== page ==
A rather shocking finding in report by the Kaufmann Foundation is that only 3% of technology start-ups are led by women. There are many theories for this remarkable gender discrepancy. Girls are less likely than boys to study science, technology and computing. Only about 18% of patents are filed in women’s names. It is more difficult for women to get startup funding. But a bigger factor seems to be that men are more likely to be risk takers and women to be risk averse. Whether this difference is due to nature or nurture is open to debate. According to a study by Alison Booth of the Australian national University and Patrick Nolen of the University of Essex teenage girls at girls-only schools were less risk averse than girls at mixed schools. They ascribed this difference to the absence of ‘culturally driven norms and beliefs about modes of female behavior.’ Upbringing and experience seem to encourage girls to play it safe and boys to take risks.
A controversial new book, The Confidence Code, by Katty Kay and Claire Shipman argues that men are naturally more self-confident than women. Women outnumber men in higher education and are well represented at middle management ranks but men are promoted faster and earn more. Kay and Shipman say that the main reason for this is women’s lack of self-confidence. They claim that women are more likely to:
• Carry criticism around for too long
• Stay inside their comfort zones
• Fail to voice their opinions
• Fail to take risks because of fear of failure
Furthermore Shipman says, ‘Testosterone probably gives men more of a natural confidence boost because it increases risk-taking.’ The authors cite various supporting evidence but their views are disputed by those who argue that discrimination is the main culprit.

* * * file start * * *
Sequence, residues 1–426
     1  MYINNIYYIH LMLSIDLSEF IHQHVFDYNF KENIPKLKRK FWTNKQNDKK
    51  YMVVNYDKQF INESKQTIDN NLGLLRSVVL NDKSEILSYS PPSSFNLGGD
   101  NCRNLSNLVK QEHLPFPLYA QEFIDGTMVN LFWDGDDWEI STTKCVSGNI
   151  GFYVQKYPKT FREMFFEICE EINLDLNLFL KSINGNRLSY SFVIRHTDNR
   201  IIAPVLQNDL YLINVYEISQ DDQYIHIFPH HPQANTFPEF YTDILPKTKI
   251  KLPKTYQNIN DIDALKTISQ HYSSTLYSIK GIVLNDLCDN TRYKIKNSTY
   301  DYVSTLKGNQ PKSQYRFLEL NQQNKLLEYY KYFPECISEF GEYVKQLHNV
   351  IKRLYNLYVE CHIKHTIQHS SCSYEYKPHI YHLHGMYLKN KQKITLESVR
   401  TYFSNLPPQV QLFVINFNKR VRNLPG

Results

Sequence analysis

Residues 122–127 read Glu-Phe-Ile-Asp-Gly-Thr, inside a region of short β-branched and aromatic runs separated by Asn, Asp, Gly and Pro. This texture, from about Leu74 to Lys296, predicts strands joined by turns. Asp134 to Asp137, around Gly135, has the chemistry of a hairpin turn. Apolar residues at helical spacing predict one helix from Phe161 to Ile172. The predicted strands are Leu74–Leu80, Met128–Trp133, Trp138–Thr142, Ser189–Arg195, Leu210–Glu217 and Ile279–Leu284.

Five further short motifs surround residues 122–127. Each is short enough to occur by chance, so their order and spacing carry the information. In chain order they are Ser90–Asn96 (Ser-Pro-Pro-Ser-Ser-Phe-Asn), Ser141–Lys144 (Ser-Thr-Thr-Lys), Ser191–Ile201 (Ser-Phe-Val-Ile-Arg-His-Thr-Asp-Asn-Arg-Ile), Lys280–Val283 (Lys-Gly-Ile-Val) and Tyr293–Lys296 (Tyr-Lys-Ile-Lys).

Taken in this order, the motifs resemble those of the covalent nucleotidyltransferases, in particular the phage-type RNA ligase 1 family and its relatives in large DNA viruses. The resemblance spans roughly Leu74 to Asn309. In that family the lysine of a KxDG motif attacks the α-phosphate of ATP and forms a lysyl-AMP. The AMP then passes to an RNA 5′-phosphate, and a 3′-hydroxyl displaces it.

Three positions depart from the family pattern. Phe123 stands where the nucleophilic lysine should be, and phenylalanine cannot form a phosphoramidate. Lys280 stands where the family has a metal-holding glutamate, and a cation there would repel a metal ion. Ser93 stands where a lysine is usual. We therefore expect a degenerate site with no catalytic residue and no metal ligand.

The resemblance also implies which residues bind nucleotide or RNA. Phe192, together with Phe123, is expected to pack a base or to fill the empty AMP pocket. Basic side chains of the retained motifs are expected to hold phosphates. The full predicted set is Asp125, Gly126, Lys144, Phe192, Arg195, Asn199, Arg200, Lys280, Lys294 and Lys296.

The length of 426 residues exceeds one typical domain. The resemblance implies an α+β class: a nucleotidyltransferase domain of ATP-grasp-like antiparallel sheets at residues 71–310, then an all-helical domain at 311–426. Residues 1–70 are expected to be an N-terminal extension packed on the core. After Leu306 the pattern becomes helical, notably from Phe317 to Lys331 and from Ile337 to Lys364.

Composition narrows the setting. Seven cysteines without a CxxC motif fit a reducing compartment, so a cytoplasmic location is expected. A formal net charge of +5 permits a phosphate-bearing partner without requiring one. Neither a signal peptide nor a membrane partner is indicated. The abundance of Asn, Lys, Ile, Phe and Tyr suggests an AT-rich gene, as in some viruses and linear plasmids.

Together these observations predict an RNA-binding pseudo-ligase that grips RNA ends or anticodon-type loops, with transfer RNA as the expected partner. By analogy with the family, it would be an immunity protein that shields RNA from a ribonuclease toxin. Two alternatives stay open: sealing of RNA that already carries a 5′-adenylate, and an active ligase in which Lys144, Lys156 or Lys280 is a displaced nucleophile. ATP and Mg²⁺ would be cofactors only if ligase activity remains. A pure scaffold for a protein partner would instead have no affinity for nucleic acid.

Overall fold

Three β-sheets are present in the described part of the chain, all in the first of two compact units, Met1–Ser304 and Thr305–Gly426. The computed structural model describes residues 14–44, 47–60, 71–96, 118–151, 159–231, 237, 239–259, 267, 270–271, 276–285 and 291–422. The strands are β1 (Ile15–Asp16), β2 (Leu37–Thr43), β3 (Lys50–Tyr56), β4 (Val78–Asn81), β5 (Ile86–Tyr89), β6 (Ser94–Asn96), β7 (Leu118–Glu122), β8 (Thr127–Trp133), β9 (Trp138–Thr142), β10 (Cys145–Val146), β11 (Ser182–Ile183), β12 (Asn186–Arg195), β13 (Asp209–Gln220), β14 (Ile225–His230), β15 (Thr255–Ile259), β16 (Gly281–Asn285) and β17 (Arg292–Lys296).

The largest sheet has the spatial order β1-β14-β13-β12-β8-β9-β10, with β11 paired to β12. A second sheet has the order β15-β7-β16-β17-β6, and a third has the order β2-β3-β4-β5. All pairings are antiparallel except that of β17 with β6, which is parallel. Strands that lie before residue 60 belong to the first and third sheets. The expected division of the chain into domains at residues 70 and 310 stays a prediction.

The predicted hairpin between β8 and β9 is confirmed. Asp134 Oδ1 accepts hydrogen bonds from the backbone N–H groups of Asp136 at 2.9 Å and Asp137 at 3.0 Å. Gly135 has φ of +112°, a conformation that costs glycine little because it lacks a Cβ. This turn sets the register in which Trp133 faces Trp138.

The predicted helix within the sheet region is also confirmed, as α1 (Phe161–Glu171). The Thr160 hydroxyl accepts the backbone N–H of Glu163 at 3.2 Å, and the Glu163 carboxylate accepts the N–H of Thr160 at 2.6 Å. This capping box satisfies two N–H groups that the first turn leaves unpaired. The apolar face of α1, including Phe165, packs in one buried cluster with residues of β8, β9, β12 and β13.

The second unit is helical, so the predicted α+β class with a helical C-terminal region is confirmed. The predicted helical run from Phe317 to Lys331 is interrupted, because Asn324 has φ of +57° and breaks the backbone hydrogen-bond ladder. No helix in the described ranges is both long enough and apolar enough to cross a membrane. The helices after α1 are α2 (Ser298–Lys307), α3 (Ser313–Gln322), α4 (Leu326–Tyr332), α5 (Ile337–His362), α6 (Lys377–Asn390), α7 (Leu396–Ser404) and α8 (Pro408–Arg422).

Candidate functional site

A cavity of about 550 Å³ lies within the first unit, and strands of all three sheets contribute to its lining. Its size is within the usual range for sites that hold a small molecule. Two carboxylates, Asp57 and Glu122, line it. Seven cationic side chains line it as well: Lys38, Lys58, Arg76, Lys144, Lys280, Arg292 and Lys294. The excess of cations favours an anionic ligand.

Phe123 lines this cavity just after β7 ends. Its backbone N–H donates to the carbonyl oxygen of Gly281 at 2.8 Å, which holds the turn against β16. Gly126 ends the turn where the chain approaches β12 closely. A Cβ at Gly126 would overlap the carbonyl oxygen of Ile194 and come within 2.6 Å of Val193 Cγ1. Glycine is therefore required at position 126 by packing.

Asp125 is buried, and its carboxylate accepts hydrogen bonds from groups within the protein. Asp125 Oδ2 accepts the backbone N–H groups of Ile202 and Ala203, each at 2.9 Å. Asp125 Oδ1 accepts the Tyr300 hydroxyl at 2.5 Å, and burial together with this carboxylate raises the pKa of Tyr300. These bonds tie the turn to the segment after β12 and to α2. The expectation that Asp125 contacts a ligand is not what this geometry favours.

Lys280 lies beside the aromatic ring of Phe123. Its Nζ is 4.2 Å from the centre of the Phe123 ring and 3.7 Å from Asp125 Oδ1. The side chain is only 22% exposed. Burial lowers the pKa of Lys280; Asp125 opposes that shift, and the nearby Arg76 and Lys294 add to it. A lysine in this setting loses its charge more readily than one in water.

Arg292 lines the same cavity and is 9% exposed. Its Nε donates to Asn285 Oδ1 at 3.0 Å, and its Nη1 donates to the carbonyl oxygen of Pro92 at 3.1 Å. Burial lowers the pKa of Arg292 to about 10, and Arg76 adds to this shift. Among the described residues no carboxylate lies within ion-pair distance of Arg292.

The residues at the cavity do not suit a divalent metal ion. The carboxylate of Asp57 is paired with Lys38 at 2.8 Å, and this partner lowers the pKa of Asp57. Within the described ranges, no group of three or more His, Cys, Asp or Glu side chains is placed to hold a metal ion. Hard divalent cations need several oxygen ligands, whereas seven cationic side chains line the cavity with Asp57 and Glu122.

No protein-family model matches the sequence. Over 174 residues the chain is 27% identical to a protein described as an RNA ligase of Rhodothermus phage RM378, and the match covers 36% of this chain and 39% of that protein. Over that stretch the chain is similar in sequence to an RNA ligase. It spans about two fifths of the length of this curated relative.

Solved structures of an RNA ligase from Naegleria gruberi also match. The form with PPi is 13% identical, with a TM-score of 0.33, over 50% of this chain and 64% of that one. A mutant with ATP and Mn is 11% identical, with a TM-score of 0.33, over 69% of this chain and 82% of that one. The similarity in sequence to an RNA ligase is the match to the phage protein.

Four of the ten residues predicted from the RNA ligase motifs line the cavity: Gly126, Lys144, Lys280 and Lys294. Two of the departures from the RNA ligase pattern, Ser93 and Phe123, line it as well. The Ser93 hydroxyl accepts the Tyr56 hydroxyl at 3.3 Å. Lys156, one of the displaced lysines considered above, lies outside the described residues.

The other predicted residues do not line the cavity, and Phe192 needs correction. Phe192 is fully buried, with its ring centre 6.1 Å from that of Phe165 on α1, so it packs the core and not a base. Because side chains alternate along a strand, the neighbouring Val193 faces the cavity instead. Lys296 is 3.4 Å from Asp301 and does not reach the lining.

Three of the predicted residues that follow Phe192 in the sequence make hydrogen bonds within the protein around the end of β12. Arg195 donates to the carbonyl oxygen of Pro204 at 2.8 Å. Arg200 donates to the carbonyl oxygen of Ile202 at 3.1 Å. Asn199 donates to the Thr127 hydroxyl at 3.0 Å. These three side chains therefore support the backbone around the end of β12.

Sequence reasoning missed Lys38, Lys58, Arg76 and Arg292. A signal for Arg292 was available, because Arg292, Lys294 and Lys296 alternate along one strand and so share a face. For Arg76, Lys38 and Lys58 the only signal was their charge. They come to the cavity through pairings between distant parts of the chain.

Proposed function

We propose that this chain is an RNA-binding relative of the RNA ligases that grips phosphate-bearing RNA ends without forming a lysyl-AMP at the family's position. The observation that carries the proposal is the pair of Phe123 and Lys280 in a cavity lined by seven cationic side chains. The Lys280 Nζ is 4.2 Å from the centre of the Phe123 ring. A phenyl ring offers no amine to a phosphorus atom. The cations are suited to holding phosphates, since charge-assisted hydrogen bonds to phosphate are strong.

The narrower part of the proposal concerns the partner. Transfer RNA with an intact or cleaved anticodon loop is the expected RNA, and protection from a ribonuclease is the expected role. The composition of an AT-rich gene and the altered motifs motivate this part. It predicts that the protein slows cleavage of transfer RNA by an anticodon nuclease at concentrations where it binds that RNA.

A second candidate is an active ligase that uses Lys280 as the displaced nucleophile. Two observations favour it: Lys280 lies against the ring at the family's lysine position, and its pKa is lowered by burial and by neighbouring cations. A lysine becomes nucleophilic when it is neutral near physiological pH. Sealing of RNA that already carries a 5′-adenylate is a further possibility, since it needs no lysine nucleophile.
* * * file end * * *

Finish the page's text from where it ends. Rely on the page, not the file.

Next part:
The four traits listed above all militate against innovation in a corporate or a start-up environment. Innovators are risk-takers who move out of their comfort zones, strongly argue their case and shrug off criticism. So if Kay and Shipman are correct then it looks as if innovation as it is currently set up is a sport designed for men and not women. This might mean that we are excluding a large proportion of the best ideas and best talent from our innovation processes.
What can be done about this? At a national level there are steps in place to encourage more girls to study STEM subjects (Science, Technology and Mathematics). Also we need more women’s business networks and funding sources for women entrepreneurs. At a corporate level maybe we need to change the rules of the game in order to persuade more women to play. Can we make our new product and innovation processes less competitive and more collaborative? Many brainstorm meetings are poorly facilitated and dominated by the biggest egos (usually the alpha males). Radical ideas are subjected to fierce initial criticism so that only the thick-skinned or powerful continue to pursue them. Innovation projects are given to aggressive young cadets who are expected to fight their way through the corporate defences.
We could make our innovation efforts additive rather than competitive. We can use advanced brainstorming techniques that encourage everyone to participate rather than taken over by the noisiest. One such is the Nominal Method.
Above all we need more female role models who can talk about the risks they have taken.
Although there are far fewer women-led private technology companies there is some evidence that the ones that exist are more successful. They are more capital-efficient, achieve 35 percent higher return on investment, and, when venture-backed, bring in 12 percent higher revenue than male-owned tech companies.That’s according to new research presented at a recent conference in San Francisco organized by Women 2.0, a media company devoted to women founders in the tech industry.
If we want more and better innovation in our firms and across our economy then we have to face up to the innovation gender divide and find innovative ways to remove it.
image credit: thirdsectoryes.org
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Paul Sloane writes, speaks and leads workshops on creativity, innovation and leadership. He is the author of The Innovative Leader and editor of A Guide to Open Innovation and Crowdsourcing, both published by Kogan-Page.